- was a workaholic who “would obsess over his mixes” and would often stay up working all night to finish them.
- loved to collect toy metal robots and Gucci jewelry.
- kept his Grammy for Cher’s “Believe” in his Star 69 office until it closed in the summer of 2010 after which he kept it on a shelf in the living room of his 42nd Street apartment in Manhattan.
- dated at various times and had some semi-long term boyfriends, but made it clear work came first for him. “A lot of people just don’t have the patience for that,” Russo says. Rauhofer had not been dating in recent months, Russo says.
- Had met many of the artists whose hits he remixed. Although most of the remixing work was done without the artist, Russo remembers Rauhofer meeting Madonna, for instance, on multiple occasions. He says Rauhofer wasn’t especially star struck in general though he had an obsession with Grace Jones and “always wanted to work with her but never got the chance.” “If she had walked in the room, he might have gasped,” Russo says.
Rumors that Rauhofer could be tough — Bailey says, “I don’t think it’s a secret in the industry that he had a reputation for being difficult to work with” — were mostly a matter of Rauhofer’s being, “never a diva, but a perfectionist,” as Russo puts it.
“There were tiny spats about things,” Russo says. “He hated it when some A&R (artist and repertoire) person would be bugging for a mix, say they just wanted to sample it to see where he was going with it, then they’d start promoting his unfinished mixes, he hated that. But most of the time, believe it or not, he was pretty easygoing. When you pushed him, yeah, he would let you have it. … He would scream when he felt like he’d been wronged, but he’d worked really hard for what he achieved and he expected to be respected for that.”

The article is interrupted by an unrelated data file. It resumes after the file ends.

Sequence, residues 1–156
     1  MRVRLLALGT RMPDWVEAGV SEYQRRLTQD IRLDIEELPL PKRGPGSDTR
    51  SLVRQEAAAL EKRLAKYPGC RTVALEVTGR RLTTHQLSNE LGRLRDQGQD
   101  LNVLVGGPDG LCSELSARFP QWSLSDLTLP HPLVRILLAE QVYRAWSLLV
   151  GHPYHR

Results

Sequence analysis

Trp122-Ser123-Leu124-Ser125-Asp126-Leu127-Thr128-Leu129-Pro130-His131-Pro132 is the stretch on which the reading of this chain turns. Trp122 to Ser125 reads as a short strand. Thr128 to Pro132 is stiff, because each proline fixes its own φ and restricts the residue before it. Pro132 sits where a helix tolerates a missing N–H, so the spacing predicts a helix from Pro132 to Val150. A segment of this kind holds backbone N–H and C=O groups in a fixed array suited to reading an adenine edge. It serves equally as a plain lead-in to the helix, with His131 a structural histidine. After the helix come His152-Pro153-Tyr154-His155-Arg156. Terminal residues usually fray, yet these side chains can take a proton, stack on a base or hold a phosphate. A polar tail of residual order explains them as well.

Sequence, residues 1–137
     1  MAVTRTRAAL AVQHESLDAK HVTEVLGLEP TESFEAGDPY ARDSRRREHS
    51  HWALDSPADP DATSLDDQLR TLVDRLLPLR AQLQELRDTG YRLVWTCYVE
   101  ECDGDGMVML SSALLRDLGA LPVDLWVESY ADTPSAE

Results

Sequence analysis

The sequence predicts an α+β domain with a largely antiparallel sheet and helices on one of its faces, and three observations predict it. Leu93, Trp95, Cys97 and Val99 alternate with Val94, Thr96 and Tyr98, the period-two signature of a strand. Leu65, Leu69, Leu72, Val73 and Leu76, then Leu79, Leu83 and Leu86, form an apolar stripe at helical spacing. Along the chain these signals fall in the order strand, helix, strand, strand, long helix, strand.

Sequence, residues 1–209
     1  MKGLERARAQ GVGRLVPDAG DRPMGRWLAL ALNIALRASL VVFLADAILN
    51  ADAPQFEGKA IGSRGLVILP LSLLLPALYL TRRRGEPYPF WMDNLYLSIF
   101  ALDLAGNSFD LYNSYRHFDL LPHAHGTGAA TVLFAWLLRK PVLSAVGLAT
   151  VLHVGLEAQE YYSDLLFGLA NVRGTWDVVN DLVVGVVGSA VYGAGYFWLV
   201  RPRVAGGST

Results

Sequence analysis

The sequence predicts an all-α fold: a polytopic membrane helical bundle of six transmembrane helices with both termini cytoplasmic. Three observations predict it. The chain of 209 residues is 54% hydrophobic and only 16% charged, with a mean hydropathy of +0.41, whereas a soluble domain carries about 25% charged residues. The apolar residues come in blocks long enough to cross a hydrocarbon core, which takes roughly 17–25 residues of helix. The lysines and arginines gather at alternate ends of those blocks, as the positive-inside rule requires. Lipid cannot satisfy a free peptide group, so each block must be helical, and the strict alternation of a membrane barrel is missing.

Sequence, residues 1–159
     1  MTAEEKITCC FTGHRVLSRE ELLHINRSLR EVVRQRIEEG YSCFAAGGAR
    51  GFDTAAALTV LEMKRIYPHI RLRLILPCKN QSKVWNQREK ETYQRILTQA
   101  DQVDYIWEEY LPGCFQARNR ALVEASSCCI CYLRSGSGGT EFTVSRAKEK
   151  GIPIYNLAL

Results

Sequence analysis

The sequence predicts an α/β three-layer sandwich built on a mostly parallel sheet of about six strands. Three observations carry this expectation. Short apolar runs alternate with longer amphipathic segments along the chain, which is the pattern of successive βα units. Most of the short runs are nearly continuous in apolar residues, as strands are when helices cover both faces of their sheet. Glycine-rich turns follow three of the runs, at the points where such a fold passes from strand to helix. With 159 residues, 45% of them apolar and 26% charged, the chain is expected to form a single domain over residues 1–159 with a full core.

Bailey says although Rauhofer excelled at mixing, spinning and producing, it’s his DJ sets for which he’ll most be remembered among the general public.
“It’s inevitable that the mixes will sound dated over time but the memories people experienced of him spinning live will live on,” Bailey says. “They’ll never be tarnished because they’re not something you can listen to over and over.”
Russo says Rauhofer’s ability to transcend genres is an important part of understanding his legacy.
“His whole idea about music, whether it was one remix or a whole DJ set, was that it should be a journey,” he says. “Toward the end of the ‘90s, I think it started to be very segregated in a way. You had this mix for the straight crowd, and this mix for the circuit crowd but there was no style he couldn’t do. He could remix for any audience. I like to reference this latest thing he just did for Tori. There were three different mixes and another that wasn’t released and you could really listen to them all back to back because they were so different. He was able to do it all.”
Scott Robbe dies at 66
Veteran AIDS, queer and progressive activist was born in Wis.